EconomyEdit

The province has gained a reputation as a centre for recycling potentially hazardous electronic waste (e-waste), despite a June 2018 ban on imports of foreign e-waste to Thailand. China banned the import of foreign e-waste in 2018 also. Since the e-waste ban, 28 new recycling factories, most dealing with e-waste, have started in Chachoengsao province, particularly in the Ko Khanun Subdistrict of Phanom Sarakham District. In 2019, 14 businesses in Chachoengsao were granted licenses to process electronic waste, six of them in Ko Khanun. An official of the Basel Action Network, which campaigns against dumping waste in poor countries, said, "E-waste has to go somewhere, and the Chinese are simply moving their entire operations to Southeast Asia. The only way to make money is to get huge volume with cheap, illegal labour and pollute the hell out of the environment," he added.[6]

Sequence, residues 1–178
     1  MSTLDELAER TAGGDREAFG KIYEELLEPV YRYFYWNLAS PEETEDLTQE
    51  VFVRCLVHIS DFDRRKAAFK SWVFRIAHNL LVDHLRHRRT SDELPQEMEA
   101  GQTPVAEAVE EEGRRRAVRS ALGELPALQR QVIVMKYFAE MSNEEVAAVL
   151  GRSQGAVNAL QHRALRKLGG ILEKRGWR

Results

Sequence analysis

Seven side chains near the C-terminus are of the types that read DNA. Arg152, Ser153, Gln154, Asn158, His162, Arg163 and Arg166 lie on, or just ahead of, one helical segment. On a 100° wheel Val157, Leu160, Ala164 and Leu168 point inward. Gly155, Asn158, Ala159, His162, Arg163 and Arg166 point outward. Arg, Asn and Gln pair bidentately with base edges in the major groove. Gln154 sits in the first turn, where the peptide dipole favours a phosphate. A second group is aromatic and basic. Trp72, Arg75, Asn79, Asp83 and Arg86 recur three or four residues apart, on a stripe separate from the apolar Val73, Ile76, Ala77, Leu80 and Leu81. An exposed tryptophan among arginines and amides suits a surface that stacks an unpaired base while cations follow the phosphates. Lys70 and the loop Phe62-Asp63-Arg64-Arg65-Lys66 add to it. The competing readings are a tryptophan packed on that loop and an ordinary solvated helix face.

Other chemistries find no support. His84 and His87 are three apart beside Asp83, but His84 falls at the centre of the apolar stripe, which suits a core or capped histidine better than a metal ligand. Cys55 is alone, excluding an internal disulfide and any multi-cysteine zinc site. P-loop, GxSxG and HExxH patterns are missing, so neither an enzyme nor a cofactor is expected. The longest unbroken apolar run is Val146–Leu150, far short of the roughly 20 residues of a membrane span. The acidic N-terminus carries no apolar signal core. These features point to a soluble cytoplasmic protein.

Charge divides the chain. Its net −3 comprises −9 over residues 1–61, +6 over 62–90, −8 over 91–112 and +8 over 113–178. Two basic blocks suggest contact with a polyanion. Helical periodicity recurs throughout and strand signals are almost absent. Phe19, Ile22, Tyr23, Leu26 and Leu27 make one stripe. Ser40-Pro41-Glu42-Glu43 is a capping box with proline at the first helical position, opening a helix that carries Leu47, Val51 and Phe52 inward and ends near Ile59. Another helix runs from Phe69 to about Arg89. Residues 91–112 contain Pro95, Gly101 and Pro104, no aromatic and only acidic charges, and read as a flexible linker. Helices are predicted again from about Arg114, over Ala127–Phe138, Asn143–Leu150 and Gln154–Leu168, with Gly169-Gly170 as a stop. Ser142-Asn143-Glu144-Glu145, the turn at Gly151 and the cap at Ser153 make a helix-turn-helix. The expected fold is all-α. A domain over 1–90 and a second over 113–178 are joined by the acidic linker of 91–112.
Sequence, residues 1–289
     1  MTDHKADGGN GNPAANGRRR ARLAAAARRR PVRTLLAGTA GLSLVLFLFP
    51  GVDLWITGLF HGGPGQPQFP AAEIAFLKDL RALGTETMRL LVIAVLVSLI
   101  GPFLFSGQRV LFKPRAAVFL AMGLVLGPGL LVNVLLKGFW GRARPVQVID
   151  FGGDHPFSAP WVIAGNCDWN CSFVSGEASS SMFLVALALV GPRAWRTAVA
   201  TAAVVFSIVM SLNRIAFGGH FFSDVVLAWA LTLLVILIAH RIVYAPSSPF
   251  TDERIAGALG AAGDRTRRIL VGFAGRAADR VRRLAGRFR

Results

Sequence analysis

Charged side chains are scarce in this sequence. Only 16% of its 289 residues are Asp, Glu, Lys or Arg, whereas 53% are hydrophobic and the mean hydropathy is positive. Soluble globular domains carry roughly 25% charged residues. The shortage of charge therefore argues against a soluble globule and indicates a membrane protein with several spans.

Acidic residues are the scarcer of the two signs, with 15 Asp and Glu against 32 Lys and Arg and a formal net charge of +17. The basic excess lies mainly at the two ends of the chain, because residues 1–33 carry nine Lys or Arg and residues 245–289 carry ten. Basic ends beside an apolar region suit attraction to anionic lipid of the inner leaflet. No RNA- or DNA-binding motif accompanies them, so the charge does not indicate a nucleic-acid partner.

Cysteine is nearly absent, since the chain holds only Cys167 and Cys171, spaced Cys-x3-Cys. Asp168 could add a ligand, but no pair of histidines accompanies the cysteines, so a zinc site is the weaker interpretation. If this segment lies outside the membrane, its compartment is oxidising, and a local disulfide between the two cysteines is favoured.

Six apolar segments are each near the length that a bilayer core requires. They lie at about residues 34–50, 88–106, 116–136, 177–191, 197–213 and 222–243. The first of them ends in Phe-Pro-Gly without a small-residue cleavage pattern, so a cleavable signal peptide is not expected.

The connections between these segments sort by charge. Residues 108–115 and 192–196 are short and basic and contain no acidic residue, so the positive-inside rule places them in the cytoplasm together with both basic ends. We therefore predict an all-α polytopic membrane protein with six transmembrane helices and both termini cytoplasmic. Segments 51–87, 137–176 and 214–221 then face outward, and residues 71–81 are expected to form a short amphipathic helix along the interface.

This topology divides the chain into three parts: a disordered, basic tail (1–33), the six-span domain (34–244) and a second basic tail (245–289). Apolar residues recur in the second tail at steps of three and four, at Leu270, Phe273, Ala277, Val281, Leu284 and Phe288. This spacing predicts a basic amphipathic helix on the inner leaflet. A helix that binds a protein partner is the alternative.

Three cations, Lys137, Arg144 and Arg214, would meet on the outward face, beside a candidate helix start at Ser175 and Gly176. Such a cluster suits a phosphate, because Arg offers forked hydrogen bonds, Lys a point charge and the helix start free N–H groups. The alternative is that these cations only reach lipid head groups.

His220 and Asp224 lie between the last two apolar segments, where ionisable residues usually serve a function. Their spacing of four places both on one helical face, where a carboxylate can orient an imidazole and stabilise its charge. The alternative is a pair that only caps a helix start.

SymbolsEdit

The provincial seal shows the main hall of the Sothornvararamvoraviharn Temple. In this hall is the most important Buddha image of the province, known as Luangpho Phutthasothon.[citation needed]

The provincial tree is Peltophorum dasyrachis. The tree was assigned to the province by Queen Sirikit on the 50th anniversary of the coronation of King Rama IX in 2000. The provincial flower is the Yellow Flamboyant (Peltophorum pterocarpum).

The provincial slogan is "The bountiful Bang Pakong River, the sacred Buddha image of Luangpho Sothon, Phraya Si Sunthon the scholar of Thai language, and the pristine Ang Rue Nai Forest."[citation needed]

Administrative divisionsEdit

Provincial governmentEdit

 
Map of Chachoengsao's 11 districts